U.K. turns up heat on non-EU countries with fresh curry leaf import ban
The U.K.'s Department for Environment, Food and Rural Affairs (Defra) insists there will be no shortage in supplies as fresh curry leaves from within the EU can still be imported.
"We take plant health very seriously, which is why we have implemented the European Union's ban on the import of fresh curry leaves," says a statement sent to www.freshfruitportal.com.
"Citrus greening disease has already caused billions of pounds worth of damage to citrus trees in countries outside the EU and this action has to be taken to protect Europe's valuable citrus fruit industry.
"Imports of dried and frozen curry leaves are unaffected and the ban does not affect fresh curry leaves that have been grown in the EU, so there will be no shortage for consumers."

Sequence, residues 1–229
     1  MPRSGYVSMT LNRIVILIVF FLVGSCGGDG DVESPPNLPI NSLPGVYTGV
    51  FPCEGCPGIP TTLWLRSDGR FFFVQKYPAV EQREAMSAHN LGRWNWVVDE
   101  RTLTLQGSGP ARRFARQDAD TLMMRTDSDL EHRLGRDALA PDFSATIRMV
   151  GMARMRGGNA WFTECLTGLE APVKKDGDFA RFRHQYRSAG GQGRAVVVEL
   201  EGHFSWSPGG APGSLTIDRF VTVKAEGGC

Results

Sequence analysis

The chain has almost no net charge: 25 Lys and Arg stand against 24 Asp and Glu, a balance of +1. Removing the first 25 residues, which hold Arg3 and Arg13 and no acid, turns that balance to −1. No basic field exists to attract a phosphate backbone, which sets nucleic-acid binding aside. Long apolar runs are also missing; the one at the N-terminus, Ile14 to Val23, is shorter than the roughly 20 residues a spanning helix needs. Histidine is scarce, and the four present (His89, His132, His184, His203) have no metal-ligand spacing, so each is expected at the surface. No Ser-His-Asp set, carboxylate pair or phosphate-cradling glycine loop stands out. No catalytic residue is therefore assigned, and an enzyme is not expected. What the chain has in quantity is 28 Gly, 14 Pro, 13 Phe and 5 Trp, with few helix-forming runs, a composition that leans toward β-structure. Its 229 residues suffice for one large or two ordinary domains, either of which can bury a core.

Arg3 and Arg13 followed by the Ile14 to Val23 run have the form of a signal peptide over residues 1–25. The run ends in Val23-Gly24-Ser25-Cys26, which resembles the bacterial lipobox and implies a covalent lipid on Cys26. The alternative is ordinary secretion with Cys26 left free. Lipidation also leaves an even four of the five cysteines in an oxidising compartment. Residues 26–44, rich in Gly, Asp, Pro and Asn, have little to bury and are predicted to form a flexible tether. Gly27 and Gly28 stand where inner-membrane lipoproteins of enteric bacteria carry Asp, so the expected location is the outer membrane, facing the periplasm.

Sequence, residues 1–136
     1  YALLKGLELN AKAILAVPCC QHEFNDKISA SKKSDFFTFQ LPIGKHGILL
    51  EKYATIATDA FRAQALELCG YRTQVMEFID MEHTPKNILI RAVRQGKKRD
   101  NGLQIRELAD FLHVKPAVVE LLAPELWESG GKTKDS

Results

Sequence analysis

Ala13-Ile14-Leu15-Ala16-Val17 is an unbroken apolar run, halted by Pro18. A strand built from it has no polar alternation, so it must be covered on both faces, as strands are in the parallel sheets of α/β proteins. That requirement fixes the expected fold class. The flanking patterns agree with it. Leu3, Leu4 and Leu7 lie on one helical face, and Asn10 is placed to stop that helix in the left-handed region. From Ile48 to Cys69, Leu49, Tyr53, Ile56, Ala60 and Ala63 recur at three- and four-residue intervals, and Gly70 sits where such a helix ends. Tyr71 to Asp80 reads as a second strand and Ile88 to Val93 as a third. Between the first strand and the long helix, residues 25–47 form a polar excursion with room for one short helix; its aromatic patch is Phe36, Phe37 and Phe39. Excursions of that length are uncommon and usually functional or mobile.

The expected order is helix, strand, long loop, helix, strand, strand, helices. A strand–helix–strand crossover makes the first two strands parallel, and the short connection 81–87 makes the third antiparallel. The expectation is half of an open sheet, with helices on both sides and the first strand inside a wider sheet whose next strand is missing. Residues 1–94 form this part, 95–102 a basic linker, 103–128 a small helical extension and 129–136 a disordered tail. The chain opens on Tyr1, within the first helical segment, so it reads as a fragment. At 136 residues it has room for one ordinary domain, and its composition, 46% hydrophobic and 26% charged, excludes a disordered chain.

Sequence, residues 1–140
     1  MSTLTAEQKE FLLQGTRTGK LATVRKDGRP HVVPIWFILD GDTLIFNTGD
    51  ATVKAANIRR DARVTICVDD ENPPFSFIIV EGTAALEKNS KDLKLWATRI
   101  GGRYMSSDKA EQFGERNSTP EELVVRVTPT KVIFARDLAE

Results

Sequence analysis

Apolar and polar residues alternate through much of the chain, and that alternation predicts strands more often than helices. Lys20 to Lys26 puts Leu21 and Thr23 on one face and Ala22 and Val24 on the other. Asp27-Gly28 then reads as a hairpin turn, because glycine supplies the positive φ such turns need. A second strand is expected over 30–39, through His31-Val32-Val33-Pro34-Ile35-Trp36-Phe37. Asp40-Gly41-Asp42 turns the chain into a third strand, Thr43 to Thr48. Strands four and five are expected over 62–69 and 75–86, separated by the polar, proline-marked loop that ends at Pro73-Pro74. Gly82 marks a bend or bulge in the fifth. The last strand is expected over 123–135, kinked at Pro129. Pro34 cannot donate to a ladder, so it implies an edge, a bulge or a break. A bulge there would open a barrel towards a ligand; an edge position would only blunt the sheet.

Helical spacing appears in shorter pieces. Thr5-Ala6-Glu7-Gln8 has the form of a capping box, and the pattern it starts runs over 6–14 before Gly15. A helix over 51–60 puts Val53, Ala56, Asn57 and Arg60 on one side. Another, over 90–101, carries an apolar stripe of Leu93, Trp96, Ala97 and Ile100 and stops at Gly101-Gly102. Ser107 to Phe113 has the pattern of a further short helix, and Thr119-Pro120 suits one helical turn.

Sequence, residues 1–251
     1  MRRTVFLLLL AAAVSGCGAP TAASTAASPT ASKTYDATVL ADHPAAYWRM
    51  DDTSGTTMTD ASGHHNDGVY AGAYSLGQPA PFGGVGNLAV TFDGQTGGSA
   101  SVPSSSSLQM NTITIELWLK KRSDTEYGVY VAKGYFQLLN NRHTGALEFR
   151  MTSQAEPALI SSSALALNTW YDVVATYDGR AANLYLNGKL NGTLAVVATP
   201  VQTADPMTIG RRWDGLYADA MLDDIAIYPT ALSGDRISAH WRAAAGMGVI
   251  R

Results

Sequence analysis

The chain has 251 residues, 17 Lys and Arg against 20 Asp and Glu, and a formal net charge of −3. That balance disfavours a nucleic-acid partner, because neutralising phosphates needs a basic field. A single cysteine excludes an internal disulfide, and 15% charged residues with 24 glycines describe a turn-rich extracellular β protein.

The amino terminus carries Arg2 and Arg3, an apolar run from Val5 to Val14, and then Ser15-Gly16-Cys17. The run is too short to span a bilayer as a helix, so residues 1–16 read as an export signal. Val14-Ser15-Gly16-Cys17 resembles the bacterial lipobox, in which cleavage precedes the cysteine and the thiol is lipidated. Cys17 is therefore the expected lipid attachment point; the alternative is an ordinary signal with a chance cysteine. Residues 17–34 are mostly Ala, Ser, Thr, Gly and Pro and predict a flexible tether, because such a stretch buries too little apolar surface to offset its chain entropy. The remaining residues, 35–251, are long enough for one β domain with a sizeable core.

The EU requirements on imported curry leaves were introduced in Oct. 2014 and Defra says the U.K. government is now fully implementing them following a transitional period.
It is understood the ban is most likely to affect countries such as Ghana, Kenya and the Dominican Republic, all of which previously exported to Britain.
Defra adds it is possible for imports to resume if producer countries outside the EU are officially recognized as free from citrus greening, a disease that starves the tree of nutrients, damages roots and can lead to fruits that are green, misshapen and unfit for sale.
Photo: Mokkie, via Wikimedia Creative Commons